Will tin bounce back or continue to drop?
The LME 3-Month tin price gained up to 35% in early 2021 amid unprecedented global physical supply tightness. Nearby spreads hit extreme backwardations amid low global inventories. However, prices eased sharply in recent days amid aggressive selling; Investors fear an easing of metal shortages in the coming months, with LME inventories rising from lows. Prices may come under renewed pressure as the year progresses amid rebounding output from key suppliers and an uncertain demand outlook. Physical market tightness is likely to persist in the coming weeks, providing short-term support, particularly after the sharp recent correction. A bullish macro-environment also provides underlying support.
Drivers of Recent Supply Tightness
The physical tin market experienced a perfect storm of bullish factors in early 2021. Tin consumption surged as pandemic lockdown restrictions and fiscal policy support for incomes supercharged consumer demand for household and electronic goods. A mixture of pandemic restrictions and adverse weather conditions disrupted mine supply throughout 2020 and early 2021, particularly in Indonesia, Myanmar and South America. A low global stock environment exacerbated the price reaction to the market imbalance. LME spreads hit extremes of $6,500 and the 3-month price peaked at $27,500, the highest in almost a decade. A weaker dollar and broad demand for metals as an inflation-hedge also proved supportive.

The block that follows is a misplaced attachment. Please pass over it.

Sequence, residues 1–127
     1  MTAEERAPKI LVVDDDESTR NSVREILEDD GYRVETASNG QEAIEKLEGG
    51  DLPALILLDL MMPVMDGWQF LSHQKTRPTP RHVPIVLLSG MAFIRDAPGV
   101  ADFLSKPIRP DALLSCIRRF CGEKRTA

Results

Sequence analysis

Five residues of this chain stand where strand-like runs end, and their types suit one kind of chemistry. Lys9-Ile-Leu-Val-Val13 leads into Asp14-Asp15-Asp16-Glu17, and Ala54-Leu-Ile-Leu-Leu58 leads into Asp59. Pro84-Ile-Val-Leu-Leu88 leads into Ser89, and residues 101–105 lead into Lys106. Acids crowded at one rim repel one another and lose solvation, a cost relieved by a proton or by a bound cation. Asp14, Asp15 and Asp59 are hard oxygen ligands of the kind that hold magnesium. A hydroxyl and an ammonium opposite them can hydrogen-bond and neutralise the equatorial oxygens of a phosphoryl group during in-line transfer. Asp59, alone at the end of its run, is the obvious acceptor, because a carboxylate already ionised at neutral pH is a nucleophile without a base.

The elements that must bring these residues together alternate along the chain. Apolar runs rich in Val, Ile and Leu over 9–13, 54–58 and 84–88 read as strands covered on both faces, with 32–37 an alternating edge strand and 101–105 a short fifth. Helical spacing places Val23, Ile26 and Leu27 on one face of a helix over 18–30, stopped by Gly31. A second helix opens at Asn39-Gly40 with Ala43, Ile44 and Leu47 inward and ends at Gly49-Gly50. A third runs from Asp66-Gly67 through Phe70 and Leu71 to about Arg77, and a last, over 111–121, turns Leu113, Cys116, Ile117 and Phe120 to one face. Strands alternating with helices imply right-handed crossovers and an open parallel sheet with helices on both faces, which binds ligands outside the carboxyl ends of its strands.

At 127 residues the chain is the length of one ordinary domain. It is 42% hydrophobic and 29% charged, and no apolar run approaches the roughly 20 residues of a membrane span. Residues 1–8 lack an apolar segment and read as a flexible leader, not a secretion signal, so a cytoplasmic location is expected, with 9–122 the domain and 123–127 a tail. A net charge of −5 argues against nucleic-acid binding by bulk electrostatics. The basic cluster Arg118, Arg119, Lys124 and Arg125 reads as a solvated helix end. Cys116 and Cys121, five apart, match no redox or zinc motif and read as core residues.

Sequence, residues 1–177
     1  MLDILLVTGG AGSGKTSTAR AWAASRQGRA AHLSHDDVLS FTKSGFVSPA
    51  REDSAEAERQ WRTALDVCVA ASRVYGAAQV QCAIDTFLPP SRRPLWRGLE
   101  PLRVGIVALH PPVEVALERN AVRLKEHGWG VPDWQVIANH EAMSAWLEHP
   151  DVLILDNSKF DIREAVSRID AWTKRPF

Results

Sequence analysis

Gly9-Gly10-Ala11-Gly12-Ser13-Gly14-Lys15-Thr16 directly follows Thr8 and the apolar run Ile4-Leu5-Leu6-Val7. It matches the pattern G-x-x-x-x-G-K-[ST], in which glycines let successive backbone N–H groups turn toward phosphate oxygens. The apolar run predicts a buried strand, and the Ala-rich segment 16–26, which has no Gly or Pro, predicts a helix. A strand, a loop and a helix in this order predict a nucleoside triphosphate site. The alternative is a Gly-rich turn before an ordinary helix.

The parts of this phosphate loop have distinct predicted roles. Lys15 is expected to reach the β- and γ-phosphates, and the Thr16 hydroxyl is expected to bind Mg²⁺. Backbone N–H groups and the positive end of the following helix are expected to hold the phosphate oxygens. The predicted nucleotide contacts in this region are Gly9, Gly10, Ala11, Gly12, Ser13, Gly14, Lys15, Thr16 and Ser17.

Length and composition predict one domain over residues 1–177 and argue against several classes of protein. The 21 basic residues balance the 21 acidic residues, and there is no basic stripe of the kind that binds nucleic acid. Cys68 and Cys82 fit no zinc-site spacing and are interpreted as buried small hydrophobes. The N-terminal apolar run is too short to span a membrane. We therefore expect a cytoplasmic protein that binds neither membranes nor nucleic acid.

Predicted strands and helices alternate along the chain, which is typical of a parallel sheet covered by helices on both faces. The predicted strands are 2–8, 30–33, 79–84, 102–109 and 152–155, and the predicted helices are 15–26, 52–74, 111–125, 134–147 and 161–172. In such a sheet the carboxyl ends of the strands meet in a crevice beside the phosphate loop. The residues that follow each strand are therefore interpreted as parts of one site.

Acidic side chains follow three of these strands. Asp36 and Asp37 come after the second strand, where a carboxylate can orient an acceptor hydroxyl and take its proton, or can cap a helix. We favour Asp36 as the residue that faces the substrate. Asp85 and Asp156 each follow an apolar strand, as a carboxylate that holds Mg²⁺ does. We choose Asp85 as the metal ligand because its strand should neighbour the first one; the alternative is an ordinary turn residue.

Prices Not Sustainable Long-Term
Event-driven tightness in the physical market is unlikely to be sustained longer-term as conditions normalise. Strong consumer electronics demand likely brought forward tin consumption during the pandemic. A broad recovery from government-imposed lockdowns later this year is likely to see a shift of consumer spending away from goods and back to services. Indonesia and Myanmar mining output is likely to recover from wet-season weather disruption by April. South American producers are unlikely to see pandemic restrictions and business disputes impact output to the same extent as 2020. Higher prices will help accelerate a rebound from marginal sources such as small-scale mining operations.
Even if prices retreat further this year as tin’s fundamentals normalise, we are unlikely to see a sustained return to prices below $20,000. The US dollar remains weak and markets believe in a continuation of accommodative monetary and fiscal policy. Rebounding energy prices also mean higher input costs for producers and a higher marginal cost of production.
Summary and Outlook
The tin market remains physically tight, which could continue to bolster prices in the short-term. However, market participants may look to increasingly price in an anticipated recovery in output and metal availability from Q2. There remains further downside risk for prices as consumer spending patterns shift away from goods as Covid-19 curbs on movement and service-orientated businesses subside later this year. As long as easy global fiscal and monetary policy persists, a decline in prices below $20,000 appears unlikely, although the spectre of policy tapering in the coming years could hurt tin if it leads to a sharper and more sustained sell-off across risk-assets.